Theater Automation Wow HD-800 CRT projector

Ever since the days of David and Goliath, the world has rooted for the little guy. In the underdog we invest our imagination and our collective hope: we want him to win—or at least put up a good fight. And every once in a while, the little dog gets to choose weapons that can skew the results in his favor. Such is the case with the newest entry in the residential CRT market, the Theater Automation Wow HD-800 CRT projector.

The Company
Theater Automation Wow is an Internet startup with a local touch. The company's goal is to have local dealers display and install TAW's devices—and, in the future, service them as well. But following purchase, all projectors will then be set up at the Orlando factory and shipped directly to the client. Though to the customer this might look similar to the existing marketplace, this is not your standard factory/representative/dealer arrangement. The control of the sale is directly from the factory—discounting off retail price simply will not happen. As with a Saturn dealer, haggling over price will be a thing of the past.

TAW's Phil Tuttobene, an enthusiastic contributor to many Internet home-theater forums, began selling refurbished Barco projectors in 1997. At that time, most professional dealers went whole hog into solid-state devices (LCD, DLP, and D-ILAs) for their rental and staging customers, causing a glut in the used-projector market as they sold off existing CRT inventories. But as the supply of used and rebuilt projectors began to dry up, Tuttobene, recognizing a growing and underserved market, began seeking a supplier of brand-new projectors. After Barco decided to market their own brand name in North America, Tuttobene found in Christie Digital (formerly Electrohome of Kitchener, Ontario, Canada), a willing and able collaborator.

The Projector
The HD-800 began life as a professional rear-projector chassis for motion simulation. TAW made a few internal modifications to reduce noise, swapped out the original HD-8 lenses for the excellent short-throw US Precision Lens HD-145 (nearly ubiquitous on 7- and 8-inch CRTs), painted the case black, and voilá;—their own 8-inch electromagnetic focus CRT projector for retail sale. The HD-800 doesn't have the industrial design pretties of a Sony or Vidikron, but it's no ugly duckling—just a utilitarian duckling that goes swan-beautiful with the press of the Power button.

The HD-800 measures 28 inches wide by 17.5 high and 31 deep, and weighs about 145 pounds. That makes it a strenuous but not impossible project to install on the ceiling (add $450 for ceiling bracket)—a three-man job, at least. TAW claims a small footprint for the HD-800, but this is true only if you compare it to the behemoth Barco 1209 and Sony VPH-G90, both of which have 9-inch CRTs. Though the HD-800 is larger than nearly everything else in its price range, it's still comfortably sized, and packs enough quality to warrant its heft. It's certainly one of the most sturdily built and well-shielded projectors I've ever looked inside.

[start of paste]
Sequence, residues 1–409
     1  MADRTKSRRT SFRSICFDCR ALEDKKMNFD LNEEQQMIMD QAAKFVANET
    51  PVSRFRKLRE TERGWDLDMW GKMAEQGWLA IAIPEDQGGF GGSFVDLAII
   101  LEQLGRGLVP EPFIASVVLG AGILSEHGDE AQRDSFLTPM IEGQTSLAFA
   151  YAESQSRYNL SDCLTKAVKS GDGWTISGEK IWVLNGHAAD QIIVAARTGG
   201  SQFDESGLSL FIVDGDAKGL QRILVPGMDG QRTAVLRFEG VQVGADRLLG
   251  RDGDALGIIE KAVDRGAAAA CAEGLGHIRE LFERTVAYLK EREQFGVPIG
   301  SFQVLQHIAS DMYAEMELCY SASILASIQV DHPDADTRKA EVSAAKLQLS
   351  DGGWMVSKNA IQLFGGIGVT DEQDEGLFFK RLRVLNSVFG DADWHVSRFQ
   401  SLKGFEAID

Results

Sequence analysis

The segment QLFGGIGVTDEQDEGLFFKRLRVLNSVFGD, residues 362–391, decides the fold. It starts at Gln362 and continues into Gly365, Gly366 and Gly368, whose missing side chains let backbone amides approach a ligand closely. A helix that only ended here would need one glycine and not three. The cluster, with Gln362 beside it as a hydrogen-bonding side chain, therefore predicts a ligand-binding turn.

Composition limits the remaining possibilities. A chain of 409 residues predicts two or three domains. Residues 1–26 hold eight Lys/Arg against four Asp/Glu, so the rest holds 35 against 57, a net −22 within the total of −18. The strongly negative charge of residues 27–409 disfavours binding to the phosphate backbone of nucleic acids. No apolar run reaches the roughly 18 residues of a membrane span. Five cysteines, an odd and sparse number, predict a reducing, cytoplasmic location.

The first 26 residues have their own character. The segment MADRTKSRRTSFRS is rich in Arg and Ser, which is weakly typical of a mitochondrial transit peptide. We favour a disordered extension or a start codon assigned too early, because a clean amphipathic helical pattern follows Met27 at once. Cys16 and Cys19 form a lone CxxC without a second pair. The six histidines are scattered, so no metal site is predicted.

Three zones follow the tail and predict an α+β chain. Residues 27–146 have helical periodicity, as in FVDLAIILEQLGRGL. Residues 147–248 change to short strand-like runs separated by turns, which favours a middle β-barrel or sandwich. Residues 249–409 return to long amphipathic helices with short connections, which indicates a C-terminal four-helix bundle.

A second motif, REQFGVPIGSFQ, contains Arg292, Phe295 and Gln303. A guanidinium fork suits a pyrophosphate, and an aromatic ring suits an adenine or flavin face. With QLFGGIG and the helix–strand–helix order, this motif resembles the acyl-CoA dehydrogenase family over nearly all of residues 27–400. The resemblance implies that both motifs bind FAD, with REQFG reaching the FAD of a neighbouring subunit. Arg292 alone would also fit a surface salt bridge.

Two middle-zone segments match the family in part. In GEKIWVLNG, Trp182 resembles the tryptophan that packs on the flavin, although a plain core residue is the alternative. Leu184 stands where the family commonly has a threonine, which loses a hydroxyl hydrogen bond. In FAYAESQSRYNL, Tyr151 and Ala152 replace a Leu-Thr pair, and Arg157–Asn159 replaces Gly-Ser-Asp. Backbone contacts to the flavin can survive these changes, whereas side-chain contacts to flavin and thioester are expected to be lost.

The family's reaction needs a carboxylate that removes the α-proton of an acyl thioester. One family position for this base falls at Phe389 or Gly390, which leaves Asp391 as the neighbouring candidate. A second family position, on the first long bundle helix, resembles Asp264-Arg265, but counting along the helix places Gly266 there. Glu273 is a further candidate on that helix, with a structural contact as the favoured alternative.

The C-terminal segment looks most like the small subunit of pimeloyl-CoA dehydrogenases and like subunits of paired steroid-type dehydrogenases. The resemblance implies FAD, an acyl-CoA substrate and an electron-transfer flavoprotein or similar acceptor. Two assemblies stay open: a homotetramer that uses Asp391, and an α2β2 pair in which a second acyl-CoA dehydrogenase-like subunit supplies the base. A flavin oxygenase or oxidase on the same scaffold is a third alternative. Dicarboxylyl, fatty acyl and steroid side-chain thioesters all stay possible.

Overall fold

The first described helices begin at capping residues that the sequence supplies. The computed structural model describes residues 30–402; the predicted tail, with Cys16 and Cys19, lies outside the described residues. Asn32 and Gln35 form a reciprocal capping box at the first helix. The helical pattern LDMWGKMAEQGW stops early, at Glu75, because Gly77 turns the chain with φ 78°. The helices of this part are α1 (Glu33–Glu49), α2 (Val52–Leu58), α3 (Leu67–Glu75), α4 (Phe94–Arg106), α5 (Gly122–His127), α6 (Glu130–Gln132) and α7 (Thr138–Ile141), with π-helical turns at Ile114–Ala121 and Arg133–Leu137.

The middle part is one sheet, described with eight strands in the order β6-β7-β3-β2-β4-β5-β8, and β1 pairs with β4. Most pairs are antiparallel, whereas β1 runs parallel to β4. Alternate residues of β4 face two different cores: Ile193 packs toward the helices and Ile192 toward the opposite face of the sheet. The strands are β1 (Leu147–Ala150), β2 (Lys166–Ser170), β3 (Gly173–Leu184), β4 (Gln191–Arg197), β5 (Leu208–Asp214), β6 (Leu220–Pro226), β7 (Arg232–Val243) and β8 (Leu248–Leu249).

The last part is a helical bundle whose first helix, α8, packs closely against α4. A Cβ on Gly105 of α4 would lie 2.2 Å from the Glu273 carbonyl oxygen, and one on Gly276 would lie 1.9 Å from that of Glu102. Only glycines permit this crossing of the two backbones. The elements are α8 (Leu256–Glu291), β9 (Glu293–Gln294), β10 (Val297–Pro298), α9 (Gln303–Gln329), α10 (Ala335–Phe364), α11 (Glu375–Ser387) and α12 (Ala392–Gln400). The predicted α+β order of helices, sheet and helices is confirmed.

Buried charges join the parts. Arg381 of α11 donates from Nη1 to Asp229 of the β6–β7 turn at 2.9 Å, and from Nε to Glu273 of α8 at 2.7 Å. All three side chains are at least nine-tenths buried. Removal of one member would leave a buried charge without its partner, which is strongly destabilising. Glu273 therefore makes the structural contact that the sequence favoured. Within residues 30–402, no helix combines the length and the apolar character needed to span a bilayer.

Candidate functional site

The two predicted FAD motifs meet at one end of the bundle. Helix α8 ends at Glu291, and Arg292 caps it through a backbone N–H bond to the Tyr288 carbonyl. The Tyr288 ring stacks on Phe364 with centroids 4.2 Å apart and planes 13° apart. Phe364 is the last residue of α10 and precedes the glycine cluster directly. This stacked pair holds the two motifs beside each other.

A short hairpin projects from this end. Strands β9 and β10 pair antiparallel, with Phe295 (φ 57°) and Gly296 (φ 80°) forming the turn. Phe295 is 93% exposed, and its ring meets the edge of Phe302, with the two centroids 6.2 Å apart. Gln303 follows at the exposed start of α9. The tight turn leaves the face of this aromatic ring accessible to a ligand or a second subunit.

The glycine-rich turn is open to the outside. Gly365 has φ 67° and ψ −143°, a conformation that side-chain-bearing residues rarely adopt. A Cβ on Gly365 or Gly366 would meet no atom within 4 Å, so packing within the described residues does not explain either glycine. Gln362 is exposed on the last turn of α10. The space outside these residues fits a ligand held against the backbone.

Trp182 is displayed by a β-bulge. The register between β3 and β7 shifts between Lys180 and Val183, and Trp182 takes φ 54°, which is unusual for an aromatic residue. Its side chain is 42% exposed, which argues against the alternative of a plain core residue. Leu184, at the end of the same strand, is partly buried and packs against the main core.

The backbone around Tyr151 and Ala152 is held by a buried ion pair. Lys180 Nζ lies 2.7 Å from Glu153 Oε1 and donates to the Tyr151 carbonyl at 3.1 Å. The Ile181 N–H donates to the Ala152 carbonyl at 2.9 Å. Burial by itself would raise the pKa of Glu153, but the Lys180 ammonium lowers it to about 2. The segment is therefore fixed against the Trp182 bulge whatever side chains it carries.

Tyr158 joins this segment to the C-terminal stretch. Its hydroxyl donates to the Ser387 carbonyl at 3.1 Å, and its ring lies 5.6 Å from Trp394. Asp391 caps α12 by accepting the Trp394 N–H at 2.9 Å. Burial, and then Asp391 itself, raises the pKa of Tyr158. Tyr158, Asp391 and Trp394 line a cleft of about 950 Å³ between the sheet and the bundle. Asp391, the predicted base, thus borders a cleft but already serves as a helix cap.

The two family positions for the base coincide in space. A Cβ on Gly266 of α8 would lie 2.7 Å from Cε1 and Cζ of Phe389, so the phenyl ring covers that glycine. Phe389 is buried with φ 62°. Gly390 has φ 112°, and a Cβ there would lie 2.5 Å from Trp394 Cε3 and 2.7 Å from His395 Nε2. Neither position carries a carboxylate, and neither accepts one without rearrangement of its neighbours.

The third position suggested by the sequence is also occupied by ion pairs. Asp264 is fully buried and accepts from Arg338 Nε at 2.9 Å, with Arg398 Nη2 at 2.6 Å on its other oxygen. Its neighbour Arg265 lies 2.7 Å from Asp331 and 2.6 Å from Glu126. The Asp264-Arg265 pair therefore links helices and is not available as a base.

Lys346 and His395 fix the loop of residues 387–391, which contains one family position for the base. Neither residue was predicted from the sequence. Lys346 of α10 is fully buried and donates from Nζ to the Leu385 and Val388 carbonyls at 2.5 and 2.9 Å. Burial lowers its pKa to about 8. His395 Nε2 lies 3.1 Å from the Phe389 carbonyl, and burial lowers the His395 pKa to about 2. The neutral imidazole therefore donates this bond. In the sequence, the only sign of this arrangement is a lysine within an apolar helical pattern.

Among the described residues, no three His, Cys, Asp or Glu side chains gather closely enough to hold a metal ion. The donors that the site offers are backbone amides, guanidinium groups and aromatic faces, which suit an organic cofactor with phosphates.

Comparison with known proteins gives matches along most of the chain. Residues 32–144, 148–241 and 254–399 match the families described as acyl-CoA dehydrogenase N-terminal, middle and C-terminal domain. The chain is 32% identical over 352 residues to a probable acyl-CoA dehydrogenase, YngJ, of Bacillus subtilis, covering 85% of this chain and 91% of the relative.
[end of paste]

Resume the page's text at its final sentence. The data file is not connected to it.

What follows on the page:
The TAW is touted as a quiet projector, though to my ears it's simply as good as a professional CRT unit can be. Such models are usually designed for 24/7 operation—sometimes in government installations, where reliability can be an issue of national security—and most have a collection of internal fans that directly move cool air past crucial circuitry. But the HD-800 is the only projector I've ever known in which a fan stays on when the unit is turned off. In other words, even when it's not being used, the TAW HD-800 makes as much noise as an operating Dwin HD-700 (reviewed in an upcoming issue). (This is also true of the Vidikron Vision Three, reviewed in our October 2000 issue, and also based on a Christie Digital/Electrohome chassis. Actually, the essentially silent Dwin is quieter in operation than a plugged-in but turned-off Vision Three.) At any rate, I could neither verify nor refute TAW's claimed noise level of 49dB/m.

The HD-800 has only a single set of inputs on its rear panel, in the form of five BNC connectors (RGB plus H and V or combined sync), which means you'll need an external video processor or a high-definition source with RGB outputs. As delivered by TAW, the projector will not accept a progressive component signal (as from a progressive DVD player or hi-def tuner); but, like other Christie Digital CRT chassis, the HD-800 has slots for additional inputs. For about $300, a second RGBHV or HD input card can be installed, eliminating the need for an outboard switcher.

In addition to the supplied wireless remote control, an identical unit is hidden beneath the front panel, this one hardwired to the projector with a 2-foot cable. I would have preferred a cable long enough to get me up to the screen surface, but I'm sure an extension wire could be created with little effort.

The HD-800 has 80 memory slots for saving various scanning rates or aspect sizes. Each position can be saved with a unique 11-digit description that can be recalled with one or two keystrokes. There are four memory slots for individual gray-scale calibration, any of which can be used by the 80 memory positions. They are pre-labeled 3200K, 6500K, 9300K, and User, but can be adjusted to any color temperature. Usually, I set up a projector to have a 5400-kelvin setting for proper black-and-white rendering, a 6500K slot for regular television and movie viewing, and a 9300K setting for a bit more excitement with indoor sporting events, which leaves one slot open for additional uses. Even for adventurous users, the limit of four choices should not be unworkable. I used them to lock in the calibration settings of the various video processors for a more perfect comparison, as each of the processors used in this review had slightly different color temperatures.